Education and Arts
30 September, 2013 - All day (9am-5pm)
The Educational Linguists leading these workshops have worked closely with teachers, some having been deeply involved in the development and implementation of the Australian Curriculum: English. Participants can choose from one of three all day workshops which will run from 9am-5pm.
You will be allocated to a workshop based on availability and in order of registration and payment received. To ensure that you get your first choice, please send in your conference registration early together with your preferences.
Attitude, stance and audience awareness in student writing –tracking and supporting development in interpersonal meaning making:
Peter White (UNSW)
The new Australian National Curriculum for English places the development of students' abilities to formulate arguments and to advance evaluative positions at the centre of its pedagogical objectives. Thus, according to the recently released National Curriculum documents, students must develop the ability in their writing to 'express an opinion based on information', 'promote a point of view' and 'defend arguments'. They should understand how language is used 'to position the reader' and be able to use rhetorical devices to 'enhance the persuasive nature of a text, recognising and exploiting audience susceptibilities'.
This workshop is directed towards enhancing participants' understanding of the linguistic resources by which these and related interpersonal outcomes are achieved. More specifically, it will draw on recent work on the Appraisal framework to outline systems for analysing and tracking developments in students' evaluative abilities. The workshop will focus primarily on the nature and functionality of evaluative meanings in persuasive texts but may also consider how they typically operate in some story-telling genres. Texts produced by students across of range of year levels will be discussed and analysed. While the workshop is obviously tailored to address the interests of language and literacy educators, it should also be useful for researchers working in this area and for those interested more generally in Appraisal and questions relating to attitude, stance, audience addressivity and textual persona.
Detailed Reading and Rewriting:
David Rose (University of Sydney)
Detailed Reading and Rewriting are the turbo-charged engines of the Reading to Learn program (http://www.readingtolearn.com.au). They enable all students to:
- read challenging texts with full comprehension (including students with English as a second language and struggling readers)
- read the content of a text with detailed understanding, and recognise the language choices that the author has made in writing it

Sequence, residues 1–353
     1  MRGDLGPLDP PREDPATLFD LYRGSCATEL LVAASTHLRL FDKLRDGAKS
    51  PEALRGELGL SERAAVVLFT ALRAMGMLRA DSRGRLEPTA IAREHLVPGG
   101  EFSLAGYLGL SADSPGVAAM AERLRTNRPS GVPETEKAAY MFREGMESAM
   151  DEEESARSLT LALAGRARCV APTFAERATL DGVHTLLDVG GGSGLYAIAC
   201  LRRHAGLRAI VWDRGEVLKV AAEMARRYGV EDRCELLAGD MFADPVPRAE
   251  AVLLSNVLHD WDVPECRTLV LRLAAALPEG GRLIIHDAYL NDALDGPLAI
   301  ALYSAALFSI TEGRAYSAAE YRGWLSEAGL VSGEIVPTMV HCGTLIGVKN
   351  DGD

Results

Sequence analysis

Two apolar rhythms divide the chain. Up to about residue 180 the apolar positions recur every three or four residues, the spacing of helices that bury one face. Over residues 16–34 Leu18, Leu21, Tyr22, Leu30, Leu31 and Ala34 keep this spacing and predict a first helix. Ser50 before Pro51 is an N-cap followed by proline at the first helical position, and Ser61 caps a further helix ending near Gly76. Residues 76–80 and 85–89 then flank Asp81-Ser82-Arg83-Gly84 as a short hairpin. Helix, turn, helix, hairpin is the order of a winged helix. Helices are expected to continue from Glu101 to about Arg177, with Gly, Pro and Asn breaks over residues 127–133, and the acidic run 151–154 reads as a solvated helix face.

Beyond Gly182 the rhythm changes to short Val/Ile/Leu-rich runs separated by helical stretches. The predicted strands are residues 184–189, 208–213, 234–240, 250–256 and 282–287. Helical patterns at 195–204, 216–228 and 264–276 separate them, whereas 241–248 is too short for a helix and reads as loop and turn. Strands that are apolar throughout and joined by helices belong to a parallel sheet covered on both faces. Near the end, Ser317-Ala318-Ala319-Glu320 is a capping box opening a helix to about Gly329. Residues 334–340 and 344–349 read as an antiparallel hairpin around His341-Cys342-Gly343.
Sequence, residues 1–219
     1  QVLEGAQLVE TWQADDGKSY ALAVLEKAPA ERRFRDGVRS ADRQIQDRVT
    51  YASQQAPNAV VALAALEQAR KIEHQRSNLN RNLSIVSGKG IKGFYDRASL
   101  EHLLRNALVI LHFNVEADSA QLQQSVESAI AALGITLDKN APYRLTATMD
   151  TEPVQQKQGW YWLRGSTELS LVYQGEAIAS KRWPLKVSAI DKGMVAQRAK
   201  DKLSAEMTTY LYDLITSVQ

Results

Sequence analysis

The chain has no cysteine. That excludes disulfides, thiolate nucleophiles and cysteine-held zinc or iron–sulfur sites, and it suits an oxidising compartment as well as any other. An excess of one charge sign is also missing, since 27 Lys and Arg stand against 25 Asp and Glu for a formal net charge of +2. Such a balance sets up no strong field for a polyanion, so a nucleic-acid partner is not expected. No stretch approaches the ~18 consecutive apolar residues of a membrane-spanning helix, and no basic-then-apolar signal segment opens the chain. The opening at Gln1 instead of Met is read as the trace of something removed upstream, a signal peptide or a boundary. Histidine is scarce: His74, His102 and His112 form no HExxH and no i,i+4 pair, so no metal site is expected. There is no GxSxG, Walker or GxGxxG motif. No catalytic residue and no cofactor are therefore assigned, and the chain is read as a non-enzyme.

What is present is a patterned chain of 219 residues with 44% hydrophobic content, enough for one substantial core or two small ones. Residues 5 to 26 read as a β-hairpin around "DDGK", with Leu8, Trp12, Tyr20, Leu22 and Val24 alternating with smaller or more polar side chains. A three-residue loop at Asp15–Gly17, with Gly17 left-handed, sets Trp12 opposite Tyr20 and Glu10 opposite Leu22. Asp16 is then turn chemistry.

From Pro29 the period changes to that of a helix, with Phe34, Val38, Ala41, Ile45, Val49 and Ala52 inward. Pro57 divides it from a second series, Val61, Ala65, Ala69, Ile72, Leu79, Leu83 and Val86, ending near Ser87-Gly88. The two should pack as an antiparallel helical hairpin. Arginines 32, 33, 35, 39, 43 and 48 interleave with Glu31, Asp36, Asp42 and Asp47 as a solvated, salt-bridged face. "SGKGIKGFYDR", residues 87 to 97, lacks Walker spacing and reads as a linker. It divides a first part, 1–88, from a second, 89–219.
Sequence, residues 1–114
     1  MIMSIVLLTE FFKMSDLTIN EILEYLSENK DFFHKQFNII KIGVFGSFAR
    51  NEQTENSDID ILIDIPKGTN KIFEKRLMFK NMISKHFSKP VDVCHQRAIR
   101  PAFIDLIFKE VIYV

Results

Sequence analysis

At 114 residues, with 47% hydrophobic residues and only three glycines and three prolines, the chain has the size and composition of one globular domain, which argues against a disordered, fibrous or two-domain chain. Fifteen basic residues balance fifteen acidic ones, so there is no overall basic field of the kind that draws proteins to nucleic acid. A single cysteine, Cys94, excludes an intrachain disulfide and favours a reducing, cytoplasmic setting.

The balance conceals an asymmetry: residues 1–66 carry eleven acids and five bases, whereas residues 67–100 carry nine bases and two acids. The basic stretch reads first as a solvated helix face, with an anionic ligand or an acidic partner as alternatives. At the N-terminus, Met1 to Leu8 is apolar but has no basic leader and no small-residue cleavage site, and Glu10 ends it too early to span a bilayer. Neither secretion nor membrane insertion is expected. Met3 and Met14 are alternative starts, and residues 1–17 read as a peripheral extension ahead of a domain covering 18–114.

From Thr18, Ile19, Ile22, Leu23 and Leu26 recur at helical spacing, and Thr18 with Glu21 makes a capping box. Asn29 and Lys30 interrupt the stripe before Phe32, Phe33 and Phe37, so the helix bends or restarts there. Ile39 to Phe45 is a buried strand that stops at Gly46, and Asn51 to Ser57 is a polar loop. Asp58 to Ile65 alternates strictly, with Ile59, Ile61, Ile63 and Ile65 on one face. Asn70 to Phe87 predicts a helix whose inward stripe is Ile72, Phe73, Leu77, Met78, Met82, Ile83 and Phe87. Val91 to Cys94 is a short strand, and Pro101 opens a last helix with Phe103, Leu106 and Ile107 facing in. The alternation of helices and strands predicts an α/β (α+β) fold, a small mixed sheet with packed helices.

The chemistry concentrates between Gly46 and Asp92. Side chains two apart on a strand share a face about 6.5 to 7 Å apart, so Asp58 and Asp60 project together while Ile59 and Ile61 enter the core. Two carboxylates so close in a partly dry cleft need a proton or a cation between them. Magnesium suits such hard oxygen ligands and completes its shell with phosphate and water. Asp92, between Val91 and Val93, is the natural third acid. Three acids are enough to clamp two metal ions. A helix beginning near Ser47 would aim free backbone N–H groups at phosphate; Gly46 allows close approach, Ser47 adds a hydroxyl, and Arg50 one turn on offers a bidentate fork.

- use the content of factual texts to write new texts of their own
- use the language resources of accomplished authors in their own writing.
They enable teachers to:
- meet the language and content goals of their curriculum programs
- manage their classes so that all students get equal benefit from studying texts at the same high level.
However Detailed Reading and Rewriting are not easy to do. They require careful analysis of texts and planning of lessons. In this workshop we will explore the principles of language and learning behind these strategies, and practise planning and using the strategies with stories, information texts and arguments. The workshop will equip teachers and teacher educators to begin using the strategies in their practice.
Advanced Grammar and Meaning:
Sally Humphrey (ACU) and Susan Feez (University of New England)
It has now been over thirty years since a group of courageous teachers and teacher educators in Australia recognized the value of systemic functional grammar (SFL) for making visible and accessible the valued literacies of learning at school and beyond. Since that time, thousands of teachers across Australia and internationally have been introduced to understandings of genre and register, many curriculum documents have incorporated elements of SFL and genre theory and much research has been conducted using SFL's tools to explore meanings in a range of disciplines and modalities. The recently developed Australian Curriculum: English, which has used the SFL metafunctional principle to organise the content of its language strand, challenges teachers to continue to build their knowledge of language and apply it to their teaching of literacy and literature.
In this course we extend teachers' knowledge of genre and grammar and assist them to design a toolkit of language resources which is theoretically robust but flexible and accessible enough to be recontextualised fruitfully across different teaching contexts. This toolkit, a 4x4 matrix, organises language resources making four types of meaning, or metafunctions [expressing ideas, connecting ideas, interacting with others, creating cohesive texts), across four layers of language (whole text, paragraph, sentence, word). Participants in the course will become familiar with the 4x4 matrix and will have the opportunity to experiment with its application in their own teaching context.